A survey of Canadians (Canadian Community Health Survey) provided data on the percentage of Canadians (aged 12 and over) that have visited a dentist annually. It is clear that Canadians aged 71 and over (seniors) have access issues, primarily because of a lack of dental insurance in retirement years (Figure 1). One positive trend is that the proportion of Canadians reporting an annual dental visit has increased significantly, from 60.3% in 2001 to over 75% in 2012.
Figure 1: Percentage of Canadians Aged 12 and Over that Consulted with a Dentist or Orthodontist in Canada in 2012
Source: Statistics Canada, Canadian Community Health Survey (CCHS), 2012
In Canada, income and dental insurance are the two most important determinants of dental care utilization.
There is substantial research to show that Canadians from lower-income families have worse outcomes in terms of oral health, more instances of untreated disease, lower rates of visiting a dentist, higher proportions of avoiding dental visits and greater frequency of declining recommended care because of costs.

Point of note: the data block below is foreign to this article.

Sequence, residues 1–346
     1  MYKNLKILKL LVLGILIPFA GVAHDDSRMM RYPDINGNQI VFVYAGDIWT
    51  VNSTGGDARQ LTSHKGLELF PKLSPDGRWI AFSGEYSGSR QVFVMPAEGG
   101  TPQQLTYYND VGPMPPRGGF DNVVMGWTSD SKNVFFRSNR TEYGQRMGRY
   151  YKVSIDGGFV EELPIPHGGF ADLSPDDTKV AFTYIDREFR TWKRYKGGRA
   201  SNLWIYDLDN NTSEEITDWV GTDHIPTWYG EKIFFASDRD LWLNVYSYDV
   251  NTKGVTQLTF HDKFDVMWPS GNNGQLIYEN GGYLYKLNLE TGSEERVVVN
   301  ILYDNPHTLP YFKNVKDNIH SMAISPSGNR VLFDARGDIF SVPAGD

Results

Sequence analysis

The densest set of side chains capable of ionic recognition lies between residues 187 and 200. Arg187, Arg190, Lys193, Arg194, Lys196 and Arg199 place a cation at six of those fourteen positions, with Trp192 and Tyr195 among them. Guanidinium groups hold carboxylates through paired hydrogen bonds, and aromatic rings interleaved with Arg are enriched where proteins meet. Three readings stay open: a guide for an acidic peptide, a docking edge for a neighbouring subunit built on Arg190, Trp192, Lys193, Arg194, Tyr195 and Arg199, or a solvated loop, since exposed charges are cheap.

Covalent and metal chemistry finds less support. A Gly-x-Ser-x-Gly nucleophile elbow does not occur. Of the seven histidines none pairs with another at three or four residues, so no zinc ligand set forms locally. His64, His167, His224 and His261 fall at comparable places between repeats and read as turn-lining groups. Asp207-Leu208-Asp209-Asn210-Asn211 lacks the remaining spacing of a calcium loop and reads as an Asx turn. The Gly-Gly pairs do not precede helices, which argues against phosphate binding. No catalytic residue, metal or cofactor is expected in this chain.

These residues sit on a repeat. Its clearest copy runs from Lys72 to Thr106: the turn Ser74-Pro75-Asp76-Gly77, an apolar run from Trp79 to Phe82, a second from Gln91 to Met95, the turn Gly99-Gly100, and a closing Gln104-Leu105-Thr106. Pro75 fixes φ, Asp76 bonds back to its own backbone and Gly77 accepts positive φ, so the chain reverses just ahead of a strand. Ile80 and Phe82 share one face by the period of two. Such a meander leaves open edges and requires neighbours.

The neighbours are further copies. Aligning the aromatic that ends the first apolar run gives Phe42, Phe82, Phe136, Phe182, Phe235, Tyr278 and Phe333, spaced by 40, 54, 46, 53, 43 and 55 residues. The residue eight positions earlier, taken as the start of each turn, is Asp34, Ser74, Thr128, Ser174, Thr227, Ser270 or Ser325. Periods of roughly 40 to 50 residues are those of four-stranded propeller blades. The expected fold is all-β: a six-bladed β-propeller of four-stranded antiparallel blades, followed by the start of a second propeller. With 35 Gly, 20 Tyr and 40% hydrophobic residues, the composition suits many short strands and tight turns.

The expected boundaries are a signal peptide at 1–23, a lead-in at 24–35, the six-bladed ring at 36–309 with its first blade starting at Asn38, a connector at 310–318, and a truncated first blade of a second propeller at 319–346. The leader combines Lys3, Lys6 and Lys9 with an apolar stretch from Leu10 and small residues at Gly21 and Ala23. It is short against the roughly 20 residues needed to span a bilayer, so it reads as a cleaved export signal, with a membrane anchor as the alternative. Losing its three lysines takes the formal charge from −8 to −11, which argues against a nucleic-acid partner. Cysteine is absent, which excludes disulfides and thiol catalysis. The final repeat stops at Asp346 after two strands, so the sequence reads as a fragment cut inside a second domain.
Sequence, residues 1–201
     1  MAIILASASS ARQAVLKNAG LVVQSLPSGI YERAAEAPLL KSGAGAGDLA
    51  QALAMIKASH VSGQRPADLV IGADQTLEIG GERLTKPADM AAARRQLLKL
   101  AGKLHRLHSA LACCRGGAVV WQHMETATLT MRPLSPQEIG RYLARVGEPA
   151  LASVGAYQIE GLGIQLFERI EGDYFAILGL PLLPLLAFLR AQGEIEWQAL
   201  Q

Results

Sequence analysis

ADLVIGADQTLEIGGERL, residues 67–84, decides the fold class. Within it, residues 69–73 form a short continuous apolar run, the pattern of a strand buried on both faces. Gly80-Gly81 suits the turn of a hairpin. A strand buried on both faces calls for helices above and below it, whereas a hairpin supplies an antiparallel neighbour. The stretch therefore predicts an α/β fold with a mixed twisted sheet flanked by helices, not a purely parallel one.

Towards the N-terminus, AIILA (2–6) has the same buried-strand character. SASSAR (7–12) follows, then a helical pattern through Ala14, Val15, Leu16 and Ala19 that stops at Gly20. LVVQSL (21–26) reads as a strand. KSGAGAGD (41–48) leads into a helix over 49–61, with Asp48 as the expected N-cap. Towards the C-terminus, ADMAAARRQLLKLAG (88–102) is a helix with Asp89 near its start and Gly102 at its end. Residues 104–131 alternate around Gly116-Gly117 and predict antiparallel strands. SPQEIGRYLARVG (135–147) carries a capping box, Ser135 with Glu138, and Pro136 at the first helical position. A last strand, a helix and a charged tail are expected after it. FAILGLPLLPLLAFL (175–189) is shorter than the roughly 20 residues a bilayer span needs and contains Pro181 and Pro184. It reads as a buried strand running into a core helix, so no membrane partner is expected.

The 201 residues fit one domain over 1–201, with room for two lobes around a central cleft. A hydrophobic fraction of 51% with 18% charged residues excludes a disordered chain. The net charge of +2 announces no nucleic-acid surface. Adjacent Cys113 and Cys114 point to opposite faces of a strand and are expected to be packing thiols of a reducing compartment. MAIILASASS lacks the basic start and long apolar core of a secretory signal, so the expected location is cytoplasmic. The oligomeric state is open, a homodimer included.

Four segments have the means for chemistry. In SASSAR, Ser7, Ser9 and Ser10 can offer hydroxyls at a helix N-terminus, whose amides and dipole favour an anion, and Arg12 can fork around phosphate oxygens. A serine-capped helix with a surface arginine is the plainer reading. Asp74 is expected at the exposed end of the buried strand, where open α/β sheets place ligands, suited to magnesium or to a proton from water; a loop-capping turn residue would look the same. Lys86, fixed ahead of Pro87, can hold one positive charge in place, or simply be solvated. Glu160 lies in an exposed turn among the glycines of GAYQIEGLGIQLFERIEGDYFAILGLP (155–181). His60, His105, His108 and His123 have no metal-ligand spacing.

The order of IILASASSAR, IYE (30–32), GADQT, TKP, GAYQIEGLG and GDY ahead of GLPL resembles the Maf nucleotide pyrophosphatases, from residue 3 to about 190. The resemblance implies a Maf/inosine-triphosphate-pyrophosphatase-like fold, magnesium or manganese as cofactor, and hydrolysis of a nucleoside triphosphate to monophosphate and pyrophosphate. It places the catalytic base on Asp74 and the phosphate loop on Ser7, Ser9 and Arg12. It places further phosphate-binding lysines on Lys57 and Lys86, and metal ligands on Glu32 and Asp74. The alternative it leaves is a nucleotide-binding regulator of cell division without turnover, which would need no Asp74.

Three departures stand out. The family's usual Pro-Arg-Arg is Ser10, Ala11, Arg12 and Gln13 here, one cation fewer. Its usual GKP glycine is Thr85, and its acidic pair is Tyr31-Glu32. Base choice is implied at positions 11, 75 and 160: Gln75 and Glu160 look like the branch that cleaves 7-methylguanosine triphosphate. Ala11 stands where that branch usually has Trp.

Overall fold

Research shows that access to dental care may be getting more difficult for the middle-income segment of the Canadian population as well. Middle-income workers have experienced significant changes in their work environments, which includes decreases to both the amount and availability of employment-based dental insurance. In addition, the provision of public dental benefits does not always ensure access to dental care for those who are covered, since there are often complicated insurance-related barriers to accessing dental treatment.
Organized dentistry continues to work closely with the private sector to ensure that dental care is adequately insured and funded and that there are minimal barriers to care.